Depending on the state, an NP can have an independent practice, or may be mandated by the state in which he or she practices to have a collaborating physician. Initiatives for new NPs to have a collaborating physician and then move toward independent practice is a practice model in early discussions in some states.
The term “collaboration” takes on many meanings. In some cases the collaborating physician may be well-acquainted with the NP and the NP’s standard of work and may “collaborate” to the extent that once a month he or she reviews patients’ charts in the NPs practice. In some cases the NP and physician (s) share an office and each provider sees his or her patients, or in some cases the NP sees patients who are established in the practice after patients have been seen and established by the physician. There are several other scenarios including those related to NPs who work in hospitals in medical or surgical services, OB/GYN, and other services. That is another lengthy discussion that requires its own post at a later date.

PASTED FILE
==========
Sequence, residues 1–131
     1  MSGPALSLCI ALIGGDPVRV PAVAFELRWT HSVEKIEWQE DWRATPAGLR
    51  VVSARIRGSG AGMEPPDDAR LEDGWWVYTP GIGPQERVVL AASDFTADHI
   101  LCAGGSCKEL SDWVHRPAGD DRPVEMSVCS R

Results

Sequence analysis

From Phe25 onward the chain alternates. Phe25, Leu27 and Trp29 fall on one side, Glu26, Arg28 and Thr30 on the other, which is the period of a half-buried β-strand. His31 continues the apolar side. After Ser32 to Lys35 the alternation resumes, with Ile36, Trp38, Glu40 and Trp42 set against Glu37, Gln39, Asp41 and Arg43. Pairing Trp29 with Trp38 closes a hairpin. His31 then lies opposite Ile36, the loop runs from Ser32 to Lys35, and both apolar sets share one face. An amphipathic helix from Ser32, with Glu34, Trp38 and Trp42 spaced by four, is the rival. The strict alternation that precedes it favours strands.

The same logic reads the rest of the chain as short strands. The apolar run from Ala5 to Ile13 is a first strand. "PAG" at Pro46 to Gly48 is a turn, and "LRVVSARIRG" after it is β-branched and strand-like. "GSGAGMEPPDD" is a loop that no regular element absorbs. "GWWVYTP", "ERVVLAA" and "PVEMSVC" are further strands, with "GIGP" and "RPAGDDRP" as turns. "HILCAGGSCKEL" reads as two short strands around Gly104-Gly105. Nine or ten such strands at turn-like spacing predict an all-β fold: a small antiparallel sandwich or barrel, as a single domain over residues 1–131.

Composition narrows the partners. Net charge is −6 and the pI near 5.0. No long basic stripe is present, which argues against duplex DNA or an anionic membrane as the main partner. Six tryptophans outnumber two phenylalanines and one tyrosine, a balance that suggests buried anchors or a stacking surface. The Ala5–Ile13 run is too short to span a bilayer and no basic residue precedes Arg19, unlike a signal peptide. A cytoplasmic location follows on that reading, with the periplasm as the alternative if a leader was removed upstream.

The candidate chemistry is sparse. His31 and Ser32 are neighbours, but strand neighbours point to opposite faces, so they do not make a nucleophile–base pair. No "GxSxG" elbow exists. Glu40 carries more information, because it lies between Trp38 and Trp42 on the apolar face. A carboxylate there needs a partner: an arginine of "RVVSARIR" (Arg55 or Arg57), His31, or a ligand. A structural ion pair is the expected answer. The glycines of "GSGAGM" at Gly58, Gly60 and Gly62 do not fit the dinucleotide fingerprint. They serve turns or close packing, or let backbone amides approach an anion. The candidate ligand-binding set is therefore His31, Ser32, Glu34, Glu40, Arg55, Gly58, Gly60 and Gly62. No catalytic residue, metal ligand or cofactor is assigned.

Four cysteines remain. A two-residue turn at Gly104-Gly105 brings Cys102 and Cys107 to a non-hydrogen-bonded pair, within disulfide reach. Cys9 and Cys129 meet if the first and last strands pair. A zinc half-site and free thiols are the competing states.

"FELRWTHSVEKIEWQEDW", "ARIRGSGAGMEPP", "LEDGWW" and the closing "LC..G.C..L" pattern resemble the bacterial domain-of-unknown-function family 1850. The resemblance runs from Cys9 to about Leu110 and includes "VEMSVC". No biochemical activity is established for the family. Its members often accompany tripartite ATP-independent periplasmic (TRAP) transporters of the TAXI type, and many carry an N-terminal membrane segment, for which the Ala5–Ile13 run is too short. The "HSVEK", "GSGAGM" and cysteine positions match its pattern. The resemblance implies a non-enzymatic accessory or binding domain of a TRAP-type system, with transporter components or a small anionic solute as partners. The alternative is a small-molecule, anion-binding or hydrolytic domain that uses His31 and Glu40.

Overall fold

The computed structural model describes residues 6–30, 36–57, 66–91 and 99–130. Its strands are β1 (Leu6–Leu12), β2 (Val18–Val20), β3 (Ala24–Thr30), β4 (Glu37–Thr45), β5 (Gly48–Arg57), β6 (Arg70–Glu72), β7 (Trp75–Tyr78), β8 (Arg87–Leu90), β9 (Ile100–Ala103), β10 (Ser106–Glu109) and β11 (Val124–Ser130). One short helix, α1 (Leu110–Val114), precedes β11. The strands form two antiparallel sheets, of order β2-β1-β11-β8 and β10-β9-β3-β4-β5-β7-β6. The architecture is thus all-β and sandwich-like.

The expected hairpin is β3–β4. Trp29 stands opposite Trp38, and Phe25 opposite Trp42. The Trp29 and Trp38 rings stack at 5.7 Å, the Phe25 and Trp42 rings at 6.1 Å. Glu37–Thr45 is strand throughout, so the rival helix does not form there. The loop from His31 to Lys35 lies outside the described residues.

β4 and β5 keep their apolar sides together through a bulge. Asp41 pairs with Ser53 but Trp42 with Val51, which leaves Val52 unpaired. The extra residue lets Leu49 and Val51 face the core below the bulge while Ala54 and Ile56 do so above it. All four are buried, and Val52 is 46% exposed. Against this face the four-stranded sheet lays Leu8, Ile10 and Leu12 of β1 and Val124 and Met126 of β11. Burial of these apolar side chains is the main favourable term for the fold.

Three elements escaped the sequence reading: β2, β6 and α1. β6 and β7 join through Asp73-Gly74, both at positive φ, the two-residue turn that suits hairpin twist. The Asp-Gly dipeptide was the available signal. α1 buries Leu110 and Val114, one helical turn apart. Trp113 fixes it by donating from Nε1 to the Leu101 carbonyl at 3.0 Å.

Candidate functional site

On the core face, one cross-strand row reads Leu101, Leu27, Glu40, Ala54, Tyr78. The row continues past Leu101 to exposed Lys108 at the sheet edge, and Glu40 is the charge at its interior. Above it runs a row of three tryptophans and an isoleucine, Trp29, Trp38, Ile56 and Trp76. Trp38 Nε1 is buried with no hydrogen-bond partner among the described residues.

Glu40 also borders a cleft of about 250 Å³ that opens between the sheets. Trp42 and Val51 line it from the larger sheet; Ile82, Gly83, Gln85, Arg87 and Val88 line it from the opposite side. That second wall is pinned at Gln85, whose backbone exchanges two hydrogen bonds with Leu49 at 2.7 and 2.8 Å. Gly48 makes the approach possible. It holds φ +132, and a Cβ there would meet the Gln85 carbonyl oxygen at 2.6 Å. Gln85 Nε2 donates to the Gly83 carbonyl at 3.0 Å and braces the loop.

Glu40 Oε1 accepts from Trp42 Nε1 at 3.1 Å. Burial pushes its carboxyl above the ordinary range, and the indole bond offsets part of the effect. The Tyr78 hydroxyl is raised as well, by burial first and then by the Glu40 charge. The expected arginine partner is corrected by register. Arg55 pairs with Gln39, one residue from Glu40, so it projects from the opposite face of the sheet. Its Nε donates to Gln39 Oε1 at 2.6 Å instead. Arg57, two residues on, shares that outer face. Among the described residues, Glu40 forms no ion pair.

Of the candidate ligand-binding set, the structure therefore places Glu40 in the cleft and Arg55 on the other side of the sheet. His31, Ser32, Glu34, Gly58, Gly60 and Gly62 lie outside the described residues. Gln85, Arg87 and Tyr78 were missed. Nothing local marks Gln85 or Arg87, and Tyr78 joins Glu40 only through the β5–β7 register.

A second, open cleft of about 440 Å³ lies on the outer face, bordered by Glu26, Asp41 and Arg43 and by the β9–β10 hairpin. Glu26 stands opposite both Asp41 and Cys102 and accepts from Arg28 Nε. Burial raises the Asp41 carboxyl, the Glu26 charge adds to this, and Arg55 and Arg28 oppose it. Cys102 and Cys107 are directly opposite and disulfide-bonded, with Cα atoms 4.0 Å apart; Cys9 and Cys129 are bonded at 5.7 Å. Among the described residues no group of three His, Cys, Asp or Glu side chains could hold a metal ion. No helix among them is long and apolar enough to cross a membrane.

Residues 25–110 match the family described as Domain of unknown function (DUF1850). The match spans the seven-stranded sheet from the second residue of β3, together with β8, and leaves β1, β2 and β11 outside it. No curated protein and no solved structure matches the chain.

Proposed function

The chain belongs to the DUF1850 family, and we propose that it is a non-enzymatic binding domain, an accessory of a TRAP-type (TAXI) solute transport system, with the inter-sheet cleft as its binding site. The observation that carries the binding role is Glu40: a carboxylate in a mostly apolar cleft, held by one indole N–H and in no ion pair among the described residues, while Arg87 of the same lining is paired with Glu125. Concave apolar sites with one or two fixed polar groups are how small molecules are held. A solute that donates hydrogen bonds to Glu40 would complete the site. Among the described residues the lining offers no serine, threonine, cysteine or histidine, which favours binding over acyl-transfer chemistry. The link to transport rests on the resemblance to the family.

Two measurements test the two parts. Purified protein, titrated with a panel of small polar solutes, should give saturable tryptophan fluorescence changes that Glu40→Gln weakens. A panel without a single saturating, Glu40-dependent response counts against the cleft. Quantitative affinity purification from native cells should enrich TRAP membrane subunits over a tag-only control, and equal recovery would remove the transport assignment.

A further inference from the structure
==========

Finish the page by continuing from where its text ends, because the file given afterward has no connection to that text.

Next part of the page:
Nurse practitioners are not physicians and describing these advance practice nurses as “physician extenders” is equally inaccurate. Collaborative care provides patients with the benefit of two well-educated experts. The NP works under his or her license and is solely responsible and accountable for his or her actions.
Responsibility and Accountability